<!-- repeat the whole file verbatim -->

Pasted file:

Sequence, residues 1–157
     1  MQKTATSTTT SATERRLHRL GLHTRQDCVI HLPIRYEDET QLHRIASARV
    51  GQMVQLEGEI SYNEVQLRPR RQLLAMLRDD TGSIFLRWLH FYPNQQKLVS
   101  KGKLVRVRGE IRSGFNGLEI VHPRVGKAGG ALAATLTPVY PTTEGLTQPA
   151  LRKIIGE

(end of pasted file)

Sequence, residues 1–157
     1  MQKTATSTTT SATERRLHRL GLHTRQDCVI HLPIRYEDET QLHRIASARV
    51  GQMVQLEGEI SYNEVQLRPR RQLLAMLRDD TGSIFLRWLH FYPNQQKLVS
   101  KGKLVRVRGE IRSGFNGLEI VHPRVGKAGG ALAATLTPVY PTTEGLTQPA
   151  LRKIIGE